Commuters Concerned about Crossrail Congestion at Shenfield

Once construction of the Crossrail high speed rail network has been completed, Shenfield station in Essex will become a major transport interchange for mainline rail services and Crossrail. Passengers and commuters currently use Shenfield to take them into London and down to Southend on the coast, but once Crossrail is up and running, the service will also connect to Heathrow airport.

As things currently stand, Shenfield station is extremely busy during peak travel times and according to passenger figures, the number of travellers passing through Shenfield continues to rise each year. In light of the every increasing demand on rail services at Shenfield station, many regular passengers and commuters have expressed concern about the congestion and whether the station will be able to cope with a huge influx of passengers once Crossrail services go live at Shenfield station.

In order to accommodate Crossrail services at Shenfield station, Crossrail are planning to construct a new platform, upgrade the ticket gates and add a new bicycle rack for commuters. Planning is still very much in the early stages, but Crossrail have ruled out the possibility of adding any further subways to improve passenger flow. However, local commuters feel that these improvements will not be enough to address concerns about passenger congestion during rush hour travel times.

One suggestion has been to extend the existing subway beneath the station and add a second entrance and exit at the opposite side of the station as this would improve the flow of traffic. This would help to alleviate congestion on escalators and areas where large numbers of people get on and off the trains. Many commuters feel that adding these improvements in the early planning stages of Crossrail construction work would be less disruptive than making further improvements at a much later stage in the process.

Crossrail Competition to Name TBMs

Crossrail has launched an exciting new competition to find names for the six tunnel boring machines due to start work on the Crossrail tunnels beneath London this spring. Local people, and anyone else with an interest in the project, are invited to submit pairs of names for the giant tunnel boring machines.

You have until February to come up with some fun names. Once the Crossrail panel of judges has a selected a shortlist of entries, the results will be published and the public can cast their vote in which names they think are the most appropriate.

“This competition is a chance for Londoners and those living along the Crossrail route to suggest the names of the tunnel boring machines that will construct the major new rail tunnels under London. In years to come the winners of the competition will be able to travel on Crossrail and not only say they named the machines that built the tunnels but that they watched history unfold as tunnelling started,” says Andy Mitchell, Programme Director at Crossrail.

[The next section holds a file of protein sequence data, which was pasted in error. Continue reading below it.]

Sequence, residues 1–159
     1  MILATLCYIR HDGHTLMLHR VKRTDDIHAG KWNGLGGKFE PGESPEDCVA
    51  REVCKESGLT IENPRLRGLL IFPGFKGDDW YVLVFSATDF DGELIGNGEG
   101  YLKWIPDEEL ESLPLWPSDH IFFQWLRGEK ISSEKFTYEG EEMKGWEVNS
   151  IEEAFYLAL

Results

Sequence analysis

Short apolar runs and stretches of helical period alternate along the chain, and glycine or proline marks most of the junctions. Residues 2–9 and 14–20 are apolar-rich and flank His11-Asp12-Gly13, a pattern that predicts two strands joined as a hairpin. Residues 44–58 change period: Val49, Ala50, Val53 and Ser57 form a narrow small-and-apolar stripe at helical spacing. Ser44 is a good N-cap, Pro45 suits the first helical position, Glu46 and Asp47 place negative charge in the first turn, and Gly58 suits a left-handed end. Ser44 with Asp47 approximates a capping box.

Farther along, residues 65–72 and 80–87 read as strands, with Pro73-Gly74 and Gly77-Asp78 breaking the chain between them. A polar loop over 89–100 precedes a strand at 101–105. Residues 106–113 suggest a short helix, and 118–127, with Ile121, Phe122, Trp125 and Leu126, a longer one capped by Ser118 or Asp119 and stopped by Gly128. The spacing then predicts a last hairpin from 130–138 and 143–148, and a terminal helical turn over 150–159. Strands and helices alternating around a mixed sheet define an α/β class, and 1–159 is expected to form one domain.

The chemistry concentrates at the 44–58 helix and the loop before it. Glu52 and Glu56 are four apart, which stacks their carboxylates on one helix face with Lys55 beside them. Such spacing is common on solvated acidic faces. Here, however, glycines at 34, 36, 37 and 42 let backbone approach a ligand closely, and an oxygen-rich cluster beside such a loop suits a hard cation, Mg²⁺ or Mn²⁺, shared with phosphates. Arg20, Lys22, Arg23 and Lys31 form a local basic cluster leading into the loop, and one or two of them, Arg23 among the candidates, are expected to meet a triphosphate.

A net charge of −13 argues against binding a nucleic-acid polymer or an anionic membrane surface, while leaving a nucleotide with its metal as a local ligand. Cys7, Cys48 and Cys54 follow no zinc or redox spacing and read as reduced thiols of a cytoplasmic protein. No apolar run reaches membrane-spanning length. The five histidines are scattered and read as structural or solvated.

The most popular names will be announced in March and the winners will see their choice emblazoned on the sides of two of the 1,000 ton tunnel boring machines. The winners will also have a choice of Eurostar vouchers or an annual family pass to enjoy the delights of the Merlin Theme Parks. Winning entrants will also be invited to attend the launch of the first tunnel boring machines at the Royal Oak portal.

The first two Crossrail tunnel boring machines will be launched from Royal Oak early this spring and they should reach Farringdon before the end of summer next year. The second pair of Crossrail TBMs is due to be launched later on this year, from Docklands, and finally, the last pair will be launched from Plumstead this winter.

Crossrail Tunnelling to Begin Soon

Work on the first of the Crossrail tunnels is scheduled to begin in March and preparation work on the momentous project is already well underway. The giant tunnel boring machines that will be used to dig out thousands of tonnes of earth from beneath the city of London have been constructed in Germany by Herrenknecht, and testing of the huge machines is now complete. The first of the TBMs is on its way to the UK, ready to be reassembled in time for tunnelling work in a few short weeks, and the next machines will soon be following suit.

Once tunnelling on the Crossrail project begins, teams of twenty operatives will be working night and day in rolling shifts to ensure the work is completed on time. It has been estimated that the TBMs will progress at a rate of one hundred metres per week, and by the time the Crossrail project has reached completion, a whopping six million tonnes of soil will have been excavated, most of which will be transported to Wallasea Island in Essex, where it will be put to good use in the construction of a new nature reserve.

As progress is made on the Crossrail tunnels, concrete reinforcement rings will be put in place to line each tunnel. These are being constructed at a factory in west London and each segment is so large that it takes a month to set hard. A further two factories will have to be built in order to accommodate the demand for concrete segments to line the Crossrail tunnels—a quarter of a million will be used by the end of the project.

Work on the Crossrail project appears to be relentless, but although plenty of people stand to benefit from the increased employment opportunities, some local business are not happy at having to make way for Crossrail construction work.